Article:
Blog - Charles River Watershed Association

The Wonderful Story of the Charles River

Posted by Kate Bowditch

Find me on:

6/26/18 5:45 PM

kateThursday, June 21st was the summer solstice and CRWA celebrated with about 120 people on the docks at Community Boating along the Charles River in Boston. What a marvelous night we had! As the sun set, we toasted the longest day of the year, dancing, eating and laughing the night away.

Boats on the docks of Community Boating

Boats on the docks of Community Boating by Carolyn Ross.  

It was a bittersweet evening for me, as this is my last week working at CRWA after nearly 25 years. It’s hard to imagine how much the Charles has changed since I started! I remember collecting samples from the river that had bacteria levels as high as sewage; paddling my canoe over the eddies and pillows of water as the Combined Sewer Overflow at Cottage Farm activated; and pulling tires and shopping carts out of the river by the dozen.

But this summer solstice, the river was sparkling, beautiful, and absolutely packed with people. There were stand-up-paddleboarders, kayaks, canoes, war canoes, winsdsurfers, and sailboats of all sizes. Tourist boats and pleasure boats of all sizes made their way up and down the river. Thousands of people picnicked and strolled along the river, rode bikes and skates and scooters, and took about a million selfies.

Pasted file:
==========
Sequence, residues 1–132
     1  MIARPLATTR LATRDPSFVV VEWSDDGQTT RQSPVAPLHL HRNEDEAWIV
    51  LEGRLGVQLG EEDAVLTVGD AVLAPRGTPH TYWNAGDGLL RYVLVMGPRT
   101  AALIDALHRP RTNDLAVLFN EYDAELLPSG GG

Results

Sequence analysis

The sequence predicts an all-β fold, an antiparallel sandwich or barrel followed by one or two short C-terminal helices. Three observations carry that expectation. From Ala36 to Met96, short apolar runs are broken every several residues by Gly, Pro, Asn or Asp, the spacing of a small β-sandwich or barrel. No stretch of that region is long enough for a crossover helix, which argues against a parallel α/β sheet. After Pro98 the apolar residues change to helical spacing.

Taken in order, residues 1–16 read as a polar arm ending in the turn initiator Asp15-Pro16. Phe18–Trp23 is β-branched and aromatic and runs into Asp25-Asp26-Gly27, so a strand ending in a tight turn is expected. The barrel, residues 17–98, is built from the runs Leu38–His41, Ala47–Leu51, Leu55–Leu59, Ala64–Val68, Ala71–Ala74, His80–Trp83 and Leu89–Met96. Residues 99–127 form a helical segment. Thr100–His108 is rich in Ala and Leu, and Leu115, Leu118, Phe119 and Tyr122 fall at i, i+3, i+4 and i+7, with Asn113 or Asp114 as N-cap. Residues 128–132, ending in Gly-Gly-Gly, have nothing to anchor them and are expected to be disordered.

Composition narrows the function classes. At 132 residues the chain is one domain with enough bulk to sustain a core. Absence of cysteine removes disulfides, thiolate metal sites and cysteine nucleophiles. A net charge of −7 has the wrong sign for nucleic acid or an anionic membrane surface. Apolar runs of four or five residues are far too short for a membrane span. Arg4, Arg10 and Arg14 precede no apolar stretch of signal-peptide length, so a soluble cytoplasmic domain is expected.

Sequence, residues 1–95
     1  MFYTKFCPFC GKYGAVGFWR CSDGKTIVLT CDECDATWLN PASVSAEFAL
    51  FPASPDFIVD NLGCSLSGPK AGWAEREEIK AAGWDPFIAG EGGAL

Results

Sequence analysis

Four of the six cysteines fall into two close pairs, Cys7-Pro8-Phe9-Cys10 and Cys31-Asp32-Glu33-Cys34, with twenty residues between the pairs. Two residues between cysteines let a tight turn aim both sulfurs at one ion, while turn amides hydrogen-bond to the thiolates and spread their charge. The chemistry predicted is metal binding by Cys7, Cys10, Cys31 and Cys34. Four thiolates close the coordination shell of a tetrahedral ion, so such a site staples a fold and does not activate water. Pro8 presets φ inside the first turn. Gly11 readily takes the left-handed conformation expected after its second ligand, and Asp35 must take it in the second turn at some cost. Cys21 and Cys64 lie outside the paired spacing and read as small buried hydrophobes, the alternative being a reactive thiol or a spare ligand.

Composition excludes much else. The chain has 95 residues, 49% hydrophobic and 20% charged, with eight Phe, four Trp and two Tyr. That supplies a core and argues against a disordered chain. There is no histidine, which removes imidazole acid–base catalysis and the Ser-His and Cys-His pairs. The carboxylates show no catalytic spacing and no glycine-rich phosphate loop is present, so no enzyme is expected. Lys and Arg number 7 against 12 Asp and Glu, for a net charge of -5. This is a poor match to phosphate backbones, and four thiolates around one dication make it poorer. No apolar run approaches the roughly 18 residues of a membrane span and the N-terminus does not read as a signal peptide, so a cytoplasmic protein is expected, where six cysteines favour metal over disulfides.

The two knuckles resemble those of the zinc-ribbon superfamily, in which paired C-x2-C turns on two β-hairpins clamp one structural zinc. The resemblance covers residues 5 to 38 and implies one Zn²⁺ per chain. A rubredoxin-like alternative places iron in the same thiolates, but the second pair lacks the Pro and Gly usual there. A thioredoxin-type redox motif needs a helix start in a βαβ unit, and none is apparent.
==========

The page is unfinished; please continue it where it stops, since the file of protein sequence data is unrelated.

The Charles River has changed, and it has changed Boston. I’m proud to have been part of CRWA during that transformation, and wish CRWA and all my colleagues here the best as they work to solve the great challenges of climate change and urban river flooding and pollution. We are so lucky to have the Charles River, and to have CRWA!


CRWA Summer Solstice Dock Party on the Charles River by Carolyn Ross.  

Carry on!

Topics: Charles River, Recreation

Subscribe to the CRWA Blog:

About Charles River Watershed Association:

One of the country's oldest watershed organizations, Charles River Watershed Association (CRWA) was formed in 1965 in response to public concern about the declining condition of the Charles. Since its earliest days of advocacy, CRWA has figured prominently in major clean-up and watershed protection efforts, working with government officials and citizen groups from 35 Massachusetts watershed towns from Hopkinton to Boston. Initiatives over the last fifty years have dramatically improved the quality of water in the watershed and fundamentally changed approaches to water resource management.